Sure they would. I know this because they're doing it right now as we speak.

Show me a locksmith (safe breaker) who can put his ear to the lock and push the buttons listening for the tumblers to fall into place

Show me a locksmith that can do that with a mechanical lock. This is a Hollywood myth.

jim357
May 30, 2009, 12:56 PM
On the security issue of mechanical and electronic locks, it was pointed out to me that a good safe man can drill a small hole and open the mechanical lock through this hole, but can not drill the safe to open the electronic lock. I understand that there are ways to make this so called "drill" method more difficult, but when a real safe man has to open a safe with a mechanical lock, can he do so without making a huge hole in the safe? Is there a similar drill method to access the machanism that locks the boltwork of the safe? I guess what I am trying to ask, is this: Is it possible to "drill" a safe with an electronic lock to open the safe? Thanks, Jim

a1abdj
May 30, 2009, 06:01 PM
Jim,

Both mechanical and electronic locks are drilled open in similar manners. From this standpoint alone, neither is more secure than the other.

jim357
May 30, 2009, 07:38 PM
Thank you to everyone and a really big thank you to a1abdj. I had no idea that the electronic lock could be drilled open. Since this is the case, is it true that the only real benefit is that the electronic lock is faster to open? I really don't think that someone opening the mechanical lock by manipulation is much of a threat. A few years ago I had the chance to purchase a very nice safe for which the combination was lost. I called every safe person I could find trying to find someone to open the safe without drilling any holes in it. I found one man who said that he would try for one hour and I can not recall the fee. He said that if he could not open the lock in an hour he could not tell how long it would cost. I suspect that is half art and half black magic and half luck. or something like that. I did see that some MIT students made a device that would try every possible number of a combination and open the lock in a few hours. Do any safe men have one of these gizmos? Thanks, Jim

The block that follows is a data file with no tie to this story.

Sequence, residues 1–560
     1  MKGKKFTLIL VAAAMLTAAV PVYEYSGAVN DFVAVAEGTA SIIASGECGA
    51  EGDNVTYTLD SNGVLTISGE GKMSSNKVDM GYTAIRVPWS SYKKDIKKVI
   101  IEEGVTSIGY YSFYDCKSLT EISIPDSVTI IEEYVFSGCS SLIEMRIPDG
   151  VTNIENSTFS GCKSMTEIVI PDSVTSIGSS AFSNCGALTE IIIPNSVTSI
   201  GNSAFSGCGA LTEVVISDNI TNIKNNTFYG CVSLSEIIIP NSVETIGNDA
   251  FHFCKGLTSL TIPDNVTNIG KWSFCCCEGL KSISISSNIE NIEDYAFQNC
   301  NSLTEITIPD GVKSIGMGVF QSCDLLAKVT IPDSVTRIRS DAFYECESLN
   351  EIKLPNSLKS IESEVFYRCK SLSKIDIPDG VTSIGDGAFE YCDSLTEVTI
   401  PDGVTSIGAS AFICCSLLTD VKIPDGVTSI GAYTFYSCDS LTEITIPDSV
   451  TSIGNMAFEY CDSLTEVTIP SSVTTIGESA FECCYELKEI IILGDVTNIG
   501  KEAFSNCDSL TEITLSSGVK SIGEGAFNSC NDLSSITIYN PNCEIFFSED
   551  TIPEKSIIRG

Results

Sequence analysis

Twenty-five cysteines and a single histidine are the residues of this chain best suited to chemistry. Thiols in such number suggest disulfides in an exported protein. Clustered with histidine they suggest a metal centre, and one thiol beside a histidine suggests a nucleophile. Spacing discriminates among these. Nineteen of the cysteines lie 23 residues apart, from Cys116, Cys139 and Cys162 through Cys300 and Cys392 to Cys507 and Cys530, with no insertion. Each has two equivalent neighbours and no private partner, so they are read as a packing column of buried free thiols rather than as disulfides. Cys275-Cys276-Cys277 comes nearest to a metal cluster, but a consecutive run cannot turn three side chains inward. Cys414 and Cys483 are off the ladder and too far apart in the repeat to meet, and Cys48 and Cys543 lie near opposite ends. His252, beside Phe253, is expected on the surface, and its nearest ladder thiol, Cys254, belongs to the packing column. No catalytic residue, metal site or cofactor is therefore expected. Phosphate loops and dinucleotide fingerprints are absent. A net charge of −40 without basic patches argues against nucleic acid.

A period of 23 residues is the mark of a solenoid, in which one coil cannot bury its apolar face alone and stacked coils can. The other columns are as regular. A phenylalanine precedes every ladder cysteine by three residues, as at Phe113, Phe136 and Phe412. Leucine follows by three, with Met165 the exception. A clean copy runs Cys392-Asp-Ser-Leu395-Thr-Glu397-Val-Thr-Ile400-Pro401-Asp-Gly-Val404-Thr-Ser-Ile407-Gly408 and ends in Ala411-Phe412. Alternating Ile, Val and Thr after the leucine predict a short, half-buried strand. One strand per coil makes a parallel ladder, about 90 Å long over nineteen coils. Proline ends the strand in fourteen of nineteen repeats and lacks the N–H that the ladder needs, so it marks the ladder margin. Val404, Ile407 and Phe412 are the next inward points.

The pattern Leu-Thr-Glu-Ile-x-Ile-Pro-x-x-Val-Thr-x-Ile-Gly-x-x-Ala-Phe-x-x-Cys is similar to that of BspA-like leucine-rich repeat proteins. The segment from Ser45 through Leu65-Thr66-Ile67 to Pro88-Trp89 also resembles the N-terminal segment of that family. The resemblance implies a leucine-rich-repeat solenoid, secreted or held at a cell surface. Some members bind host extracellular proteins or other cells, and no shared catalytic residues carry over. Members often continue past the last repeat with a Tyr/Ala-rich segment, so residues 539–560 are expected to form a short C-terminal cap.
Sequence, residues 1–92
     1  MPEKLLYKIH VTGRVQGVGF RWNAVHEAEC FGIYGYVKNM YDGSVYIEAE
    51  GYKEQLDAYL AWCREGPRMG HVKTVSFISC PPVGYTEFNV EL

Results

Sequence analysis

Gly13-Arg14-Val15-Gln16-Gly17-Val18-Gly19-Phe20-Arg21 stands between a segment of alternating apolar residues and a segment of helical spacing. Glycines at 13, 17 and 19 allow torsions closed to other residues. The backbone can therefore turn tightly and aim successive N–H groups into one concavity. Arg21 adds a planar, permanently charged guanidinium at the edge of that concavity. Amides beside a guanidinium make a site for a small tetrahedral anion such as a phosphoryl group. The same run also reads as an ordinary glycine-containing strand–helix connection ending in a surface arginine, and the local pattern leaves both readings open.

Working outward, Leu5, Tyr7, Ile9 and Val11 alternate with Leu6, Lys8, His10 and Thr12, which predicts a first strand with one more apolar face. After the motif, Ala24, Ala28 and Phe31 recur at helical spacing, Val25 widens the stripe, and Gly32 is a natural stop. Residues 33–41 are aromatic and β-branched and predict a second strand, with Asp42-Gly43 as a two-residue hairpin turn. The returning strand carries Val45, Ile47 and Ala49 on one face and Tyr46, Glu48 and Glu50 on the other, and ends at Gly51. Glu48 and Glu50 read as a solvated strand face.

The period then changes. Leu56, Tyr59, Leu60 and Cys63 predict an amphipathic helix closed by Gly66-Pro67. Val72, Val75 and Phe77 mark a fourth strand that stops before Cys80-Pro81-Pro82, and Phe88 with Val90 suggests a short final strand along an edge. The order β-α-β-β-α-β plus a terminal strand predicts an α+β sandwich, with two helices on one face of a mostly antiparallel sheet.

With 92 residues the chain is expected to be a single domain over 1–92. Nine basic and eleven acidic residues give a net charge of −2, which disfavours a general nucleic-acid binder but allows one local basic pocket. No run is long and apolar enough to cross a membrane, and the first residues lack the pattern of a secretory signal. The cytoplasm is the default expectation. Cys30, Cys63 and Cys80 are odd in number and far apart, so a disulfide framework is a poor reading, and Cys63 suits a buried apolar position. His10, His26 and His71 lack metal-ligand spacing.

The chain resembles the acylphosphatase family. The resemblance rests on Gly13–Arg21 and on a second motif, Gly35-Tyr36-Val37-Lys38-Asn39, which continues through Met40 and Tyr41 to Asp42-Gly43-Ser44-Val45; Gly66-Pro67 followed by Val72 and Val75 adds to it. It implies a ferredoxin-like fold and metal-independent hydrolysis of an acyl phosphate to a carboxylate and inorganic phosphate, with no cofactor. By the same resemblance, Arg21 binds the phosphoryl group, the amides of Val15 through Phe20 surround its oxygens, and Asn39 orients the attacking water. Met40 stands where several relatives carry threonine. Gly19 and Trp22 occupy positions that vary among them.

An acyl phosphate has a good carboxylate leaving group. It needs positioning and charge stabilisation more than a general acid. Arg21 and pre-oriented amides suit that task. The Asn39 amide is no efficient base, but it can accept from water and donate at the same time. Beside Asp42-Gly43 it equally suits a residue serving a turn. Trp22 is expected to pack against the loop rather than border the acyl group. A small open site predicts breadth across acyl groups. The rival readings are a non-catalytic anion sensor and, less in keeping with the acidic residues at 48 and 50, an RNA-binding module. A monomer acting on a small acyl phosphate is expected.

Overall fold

a1abdj
May 31, 2009, 01:18 PM
There are machines called auto dialers that some locksmiths use to open safes without damage. They are expensive, and are not 100% effective. They are also slow, and can take up to a full day to work. They also only work on locks with lost combinations.

It is often faster and easier to drill the safe. If the safe is properly repaired, it will usually be more secure than it was prior to drilling. It is also not uncommon to come across a safe that has been drilled open multiple times.

BBBBill
May 31, 2009, 04:11 PM
Any way to effectively retrofit an electronic lock safe with a mechanical lock?
I have one safe with an electronic lock and another with a mechanical.
I have some military (user) experience with both. While I don't mind some of the electronics locks (XO-7/XO-9), others are always a problem (XO-8).